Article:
Read: Genesis 28:1-29:35, Matthew 9:18-38, Psalm 11:1-7, Proverbs 3:11-12
But when Jacob woke up in the morning—it was Leah! “What have you done to me?” Jacob raged at Laban. “I worked seven years for Rachel! Why have you tricked me?”
Relate: Leah is one of those people in the Bible that I’m not sure exactly how I feel about her. Later on in our daily Bible reading, we will come to a point where she trades away some pomegranates to get a night with her husband. On one hand, how manipulative is that? On the other, how lonely must she be knowing her little sister gets all the attention and love that she longs for? She is living out a textbook case of a loveless marriage.
But did she put herself in that position? Jacob is tricked into sleeping with her thinking all the while that he is sleeping with her younger sister. Was she complicit in this trickery? Yes, but to what degree? I’ve heard conflicting answers to that question and I don’t really know what to think myself. Surely she was so desperate and longing to be loved and accepted that she would get it whatever way she could. Combine this with wedding traditions that would go a long way to hiding her identity, an unscrupulous manipulative father who was the mastermind behind the plot, and almost certainly copious amounts of alcohol… she saw an opportunity to be loved and took it. Unfortunately, she was grasping at shadows.
React: It is easy for us to look down at Leah or to laugh at Jacob who woke up and… “Oh my goodness, this is the wrong woman!” But how often do we find ourselves doing pretty much the same thing. Long before it was a movie or a famous bar, “Coyote Ugly” was a phrase for guys who find themselves in a “Jacob” type situation. It refers to a guy who wakes up after a night of “drunken revelry” to find himself sleeping with the wrong woman laying on his arm. He would rather gnaw his arm off, like a coyote in a trap, than allow her to wake up and get caught in the situation.
I’ve never understood how someone would allow themselves to get blackout drunk. Why would they allow themselves to get into a situation that they have so completely lost control that the next morning they wake up and say, “Oh my goodness, that’s Leah!” Even more, why would someone who is not that inebriated allow themselves to become attached to a man or woman who is that alcoholic, abusive, or just plain unloving?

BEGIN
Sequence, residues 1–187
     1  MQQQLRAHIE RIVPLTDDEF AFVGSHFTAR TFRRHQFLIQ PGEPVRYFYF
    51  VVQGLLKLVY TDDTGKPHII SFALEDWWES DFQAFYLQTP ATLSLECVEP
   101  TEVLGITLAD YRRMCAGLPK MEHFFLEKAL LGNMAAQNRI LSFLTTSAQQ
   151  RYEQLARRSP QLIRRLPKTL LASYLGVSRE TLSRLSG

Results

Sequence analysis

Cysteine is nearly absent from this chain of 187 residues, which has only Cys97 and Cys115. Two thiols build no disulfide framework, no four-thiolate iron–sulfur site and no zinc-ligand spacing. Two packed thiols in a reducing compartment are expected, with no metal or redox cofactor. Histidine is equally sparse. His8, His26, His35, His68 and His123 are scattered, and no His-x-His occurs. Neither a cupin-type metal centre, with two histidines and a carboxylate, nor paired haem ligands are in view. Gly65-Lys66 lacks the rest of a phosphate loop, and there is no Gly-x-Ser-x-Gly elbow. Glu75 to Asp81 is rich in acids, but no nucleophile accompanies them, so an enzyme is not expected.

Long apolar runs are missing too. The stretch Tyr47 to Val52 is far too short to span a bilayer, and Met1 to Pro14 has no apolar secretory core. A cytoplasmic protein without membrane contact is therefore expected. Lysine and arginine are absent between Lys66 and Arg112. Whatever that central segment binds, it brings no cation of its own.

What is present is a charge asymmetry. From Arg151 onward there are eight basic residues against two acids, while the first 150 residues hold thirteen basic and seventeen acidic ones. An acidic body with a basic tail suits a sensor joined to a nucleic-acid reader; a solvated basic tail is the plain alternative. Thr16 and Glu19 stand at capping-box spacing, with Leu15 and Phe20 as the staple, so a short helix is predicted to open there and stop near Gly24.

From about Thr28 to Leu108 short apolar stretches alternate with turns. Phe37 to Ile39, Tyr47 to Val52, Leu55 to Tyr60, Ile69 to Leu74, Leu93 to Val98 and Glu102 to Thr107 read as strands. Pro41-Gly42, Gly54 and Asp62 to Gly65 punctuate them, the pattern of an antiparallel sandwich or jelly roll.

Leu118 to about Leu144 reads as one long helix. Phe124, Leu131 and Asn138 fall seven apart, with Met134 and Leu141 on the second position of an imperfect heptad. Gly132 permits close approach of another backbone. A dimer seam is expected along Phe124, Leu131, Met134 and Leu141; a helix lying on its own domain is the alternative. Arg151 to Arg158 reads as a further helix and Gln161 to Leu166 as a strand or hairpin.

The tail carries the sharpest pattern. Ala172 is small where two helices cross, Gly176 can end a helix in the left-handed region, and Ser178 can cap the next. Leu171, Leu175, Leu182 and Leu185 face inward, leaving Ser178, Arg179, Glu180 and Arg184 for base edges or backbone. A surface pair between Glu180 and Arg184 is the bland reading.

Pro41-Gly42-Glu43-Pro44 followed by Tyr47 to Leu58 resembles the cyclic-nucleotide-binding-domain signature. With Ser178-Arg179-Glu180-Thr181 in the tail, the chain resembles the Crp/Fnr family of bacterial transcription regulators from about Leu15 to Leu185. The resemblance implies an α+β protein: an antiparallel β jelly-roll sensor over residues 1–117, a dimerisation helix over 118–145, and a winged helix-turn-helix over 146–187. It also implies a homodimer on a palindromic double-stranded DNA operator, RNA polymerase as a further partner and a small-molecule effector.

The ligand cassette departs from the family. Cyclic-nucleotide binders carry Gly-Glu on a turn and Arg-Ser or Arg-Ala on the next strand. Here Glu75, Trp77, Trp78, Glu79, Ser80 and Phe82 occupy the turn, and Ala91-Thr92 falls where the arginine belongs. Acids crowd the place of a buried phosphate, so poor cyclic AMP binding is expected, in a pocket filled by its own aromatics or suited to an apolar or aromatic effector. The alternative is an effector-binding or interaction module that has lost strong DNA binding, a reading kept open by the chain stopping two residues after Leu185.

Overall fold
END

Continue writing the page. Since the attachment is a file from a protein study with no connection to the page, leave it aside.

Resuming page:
If you are that person, know that there is a love for you. You do not have to turn to an abusive or unloving partner to find genuine love and acceptance. In the naming of her first three sons, Leah kept saying, “Maybe now my husband will love me. Maybe now my husband will notice me.” Finally, with her fourth, she said, “Now I will praise the Lord.” She finally got it. Her worth, her value, did not come from what that unloving husband thought of her, it didn’t come from how many kids she bore, it didn’t come from winning any competition or rivalry with her sister. Her worth rested in God alone. He loved her and finally, that was enough. Your value does not rest on the one night stands you keep turning back to. It doesn’t come from the man who gave you the black eye and the bruises on your arm that you are afraid to leave. It doesn’t even come from the children who love you even when your husband never comes home from work night after night. Your worth is found in Christ alone.
I am so desperate… we are so desperate for Your love. It’s just that so often we don’t even realize that is what we are longing for. Forgive us for the times we have tried to substitute something else. Forgive us for the times we have sought after other things hoping they can fill the need that can only be met in You. You are the only thing that can truly satisfy.
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9 thoughts on “Desperate For Love”
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Great perspective and a powerful way to use this passage!
Many of us look in all the wrong places to fill the God shaped hole within as you have written. We are created in His image and are never complete til He dwells within our very soul! Blessings.
There are some head scratchers in the Bible and this account is one of them. I’d love to understand how someone could marry the wrong woman and not realize it. You’ve offered up the idea that Jacob was tanked and the traditions concealed the brides identity, and that might be the answer. It’d be fun to find some experts on ancient weddings.
I’d double down on the influence that Leah’s father, the “mastermind” as you say had in marrying off Leah. Laban was pulling the strings and as a father in that culture I’d be inclined to say his influence is what mattered. Great stuff to ponder.
I always keep her, Tamar, and Bethsheba all in that category of “Is the right? Is she wrong?” There are legitimate arguments for all three on both sides of that question.
That’s so funny, I’ve been studying the women in the genealogy of Matthew’s Gospel and Tamar is definitely a wild account too. Tamar’s story shows how poorly Judah acted just after selling Joseph into slavery, but then later in Genesis Judah is willing to switch places with Benjamin to make sure Benjamin returns home to his father. God saves and changes people.
My first post of the year was on Matthew’s genealogy.
I’ll have to check it out, thanks!
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